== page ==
I have to say, we’re particularly interested in learning more about this one. At the moment it’s difficult to determine how practical the idea will prove to be. For example, how will it work in practice when (as is so often the case) it’s the candidate who chooses the umbrella company, not the recruiter? We hope the Government remembers the engaged, proactive contractor when considering how this reform is best translated into legislation.
We already make it clear to new employees that we are their employer, explain what deductions we will make from the daily/hourly rate the agency pays and provide customised salary illustrations on request. We’re right behind any attempts to increase transparency for candidates and are ready to support you with this requirement as soon as the detail becomes clear.
Protection against unclear deductions
If an agency worker has pay withheld or unclear deductions made by an umbrella company, they will have access to increased state enforcement protections. We take a transparent approach to umbrella employment and back any move that increases visibility across the board. We always explain what deductions we will make from the daily/hourly rate the agency pays, issue clear and easy-to-understand pay advice slips, and have no hidden charges.
You can expect an awareness campaign to boost the public’s understanding of their holiday pay entitlement, alongside new guidance and online calculators. In addition, the state will take responsibility for enforcing holiday pay rights, with financial penalties for non-compliance. It’ll be similar to the way that the National Minimum Wage is enforced today.
Employment Agency Standards Inspectorate
You’ll be familiar with the Employment Agency Standards Inspectorate, the body who enforce agency workers’ rights in the UK. They’ll soon see their remit expand to cover umbrella companies too – and bring it on, we say. We welcome increased scrutiny of our industry and in fact have been calling for it for many years. We look forward to seeing how this can drive up standards among umbrellas.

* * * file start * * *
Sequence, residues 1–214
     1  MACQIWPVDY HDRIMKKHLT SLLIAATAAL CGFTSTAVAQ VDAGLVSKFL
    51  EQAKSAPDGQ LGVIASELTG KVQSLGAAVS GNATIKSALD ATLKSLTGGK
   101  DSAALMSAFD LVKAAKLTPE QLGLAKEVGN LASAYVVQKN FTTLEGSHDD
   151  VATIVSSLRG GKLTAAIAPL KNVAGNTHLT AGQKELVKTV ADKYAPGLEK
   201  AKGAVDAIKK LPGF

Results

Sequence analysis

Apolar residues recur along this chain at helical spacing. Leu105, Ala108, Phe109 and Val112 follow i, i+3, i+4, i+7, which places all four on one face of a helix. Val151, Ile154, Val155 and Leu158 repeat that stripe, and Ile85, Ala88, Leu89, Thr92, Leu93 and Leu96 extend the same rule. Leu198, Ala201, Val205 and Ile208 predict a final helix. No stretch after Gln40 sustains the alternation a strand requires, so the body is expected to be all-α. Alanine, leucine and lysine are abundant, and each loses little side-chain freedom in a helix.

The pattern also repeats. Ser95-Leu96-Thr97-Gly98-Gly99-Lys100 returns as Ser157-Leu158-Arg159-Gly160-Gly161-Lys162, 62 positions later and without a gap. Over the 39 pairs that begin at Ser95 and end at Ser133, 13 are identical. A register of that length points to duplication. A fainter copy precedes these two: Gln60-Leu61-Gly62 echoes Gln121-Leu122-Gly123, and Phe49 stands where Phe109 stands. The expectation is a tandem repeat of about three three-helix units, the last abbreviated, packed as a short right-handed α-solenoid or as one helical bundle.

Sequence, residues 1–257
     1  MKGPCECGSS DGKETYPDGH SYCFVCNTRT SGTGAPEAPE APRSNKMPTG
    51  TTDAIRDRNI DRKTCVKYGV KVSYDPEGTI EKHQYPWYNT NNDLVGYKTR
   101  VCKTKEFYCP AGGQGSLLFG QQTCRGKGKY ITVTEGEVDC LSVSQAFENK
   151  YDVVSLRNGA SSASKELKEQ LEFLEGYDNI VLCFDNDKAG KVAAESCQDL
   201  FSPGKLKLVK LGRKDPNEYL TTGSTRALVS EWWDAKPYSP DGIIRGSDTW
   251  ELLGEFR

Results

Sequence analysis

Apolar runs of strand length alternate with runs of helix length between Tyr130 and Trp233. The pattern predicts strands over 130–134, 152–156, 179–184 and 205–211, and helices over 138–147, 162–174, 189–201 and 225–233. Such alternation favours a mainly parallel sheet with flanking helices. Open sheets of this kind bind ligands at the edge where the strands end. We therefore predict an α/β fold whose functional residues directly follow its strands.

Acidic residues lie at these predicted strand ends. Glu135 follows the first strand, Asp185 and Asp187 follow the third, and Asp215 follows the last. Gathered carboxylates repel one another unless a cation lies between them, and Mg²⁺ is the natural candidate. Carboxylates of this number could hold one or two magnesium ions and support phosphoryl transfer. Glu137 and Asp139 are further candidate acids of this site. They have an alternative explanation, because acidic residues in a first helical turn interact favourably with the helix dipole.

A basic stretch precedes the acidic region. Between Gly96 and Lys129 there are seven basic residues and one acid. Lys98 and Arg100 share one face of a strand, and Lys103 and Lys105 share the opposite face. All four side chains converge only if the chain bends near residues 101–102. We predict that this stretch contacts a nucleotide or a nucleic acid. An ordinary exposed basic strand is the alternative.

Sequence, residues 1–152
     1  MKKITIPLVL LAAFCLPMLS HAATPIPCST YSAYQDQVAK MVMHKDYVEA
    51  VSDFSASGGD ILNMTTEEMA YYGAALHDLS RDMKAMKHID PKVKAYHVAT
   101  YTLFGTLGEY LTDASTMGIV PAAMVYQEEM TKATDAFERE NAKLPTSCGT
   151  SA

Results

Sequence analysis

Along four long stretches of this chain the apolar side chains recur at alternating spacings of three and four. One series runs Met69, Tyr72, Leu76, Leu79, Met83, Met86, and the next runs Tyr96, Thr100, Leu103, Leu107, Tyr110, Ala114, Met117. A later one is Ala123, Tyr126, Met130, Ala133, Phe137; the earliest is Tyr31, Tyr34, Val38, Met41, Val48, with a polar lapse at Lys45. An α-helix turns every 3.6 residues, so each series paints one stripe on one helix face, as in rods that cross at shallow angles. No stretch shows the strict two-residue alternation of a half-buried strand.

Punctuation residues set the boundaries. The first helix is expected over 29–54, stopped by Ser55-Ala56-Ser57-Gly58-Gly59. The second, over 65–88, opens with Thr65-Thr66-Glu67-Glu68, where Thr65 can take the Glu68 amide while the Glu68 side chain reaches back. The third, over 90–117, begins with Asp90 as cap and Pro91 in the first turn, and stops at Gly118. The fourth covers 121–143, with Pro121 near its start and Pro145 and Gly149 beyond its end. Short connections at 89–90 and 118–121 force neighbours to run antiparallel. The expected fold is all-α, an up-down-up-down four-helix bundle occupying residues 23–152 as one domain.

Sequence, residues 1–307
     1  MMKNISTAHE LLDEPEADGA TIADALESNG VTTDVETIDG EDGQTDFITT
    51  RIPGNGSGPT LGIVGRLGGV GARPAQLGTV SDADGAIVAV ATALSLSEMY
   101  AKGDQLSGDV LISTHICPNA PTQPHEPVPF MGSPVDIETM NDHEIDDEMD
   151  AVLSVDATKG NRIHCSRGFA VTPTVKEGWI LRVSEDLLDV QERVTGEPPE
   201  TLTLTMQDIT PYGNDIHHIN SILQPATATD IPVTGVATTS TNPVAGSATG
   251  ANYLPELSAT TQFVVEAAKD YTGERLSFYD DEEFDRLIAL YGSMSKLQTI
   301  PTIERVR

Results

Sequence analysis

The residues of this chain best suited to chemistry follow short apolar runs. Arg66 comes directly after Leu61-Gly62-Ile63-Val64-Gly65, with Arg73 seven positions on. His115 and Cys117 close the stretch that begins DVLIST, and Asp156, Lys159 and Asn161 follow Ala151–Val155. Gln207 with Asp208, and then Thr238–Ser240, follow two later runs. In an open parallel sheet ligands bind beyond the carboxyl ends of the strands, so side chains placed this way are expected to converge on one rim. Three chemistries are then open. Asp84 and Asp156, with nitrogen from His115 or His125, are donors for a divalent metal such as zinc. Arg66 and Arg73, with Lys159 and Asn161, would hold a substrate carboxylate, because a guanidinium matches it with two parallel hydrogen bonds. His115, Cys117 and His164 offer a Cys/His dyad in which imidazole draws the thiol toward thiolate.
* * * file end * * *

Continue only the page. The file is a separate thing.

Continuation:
Statutory Sick Pay
There will be a consultation next year on how Statutory Sick Pay can be improved. Matthew Taylor recommended that it becomes a ‘day one’ right for everyone regardless of income and that it be accrued on length of service – similar to how holiday pay works now. He also recommended that people should have the right to return to the same job after being ill. Whether these recommendations are accepted in full remains to be seen.
Remember, these changes aren’t yet law, nor do we have any timeline for when this may happen. At the moment the Government is simply sharing their vision for what they aim to achieve. Until they begin releasing draft legislation, there isn’t much any of us can do to prepare other than watch and wait for more details. We’ll certainly be doing that and will bring you updates as and when we have them.
If you want to talk about the Good Work Plan or anything else umbrella/payroll related, I’m always up for a chat. Drop me an email to email@example.com and I’ll reply right back.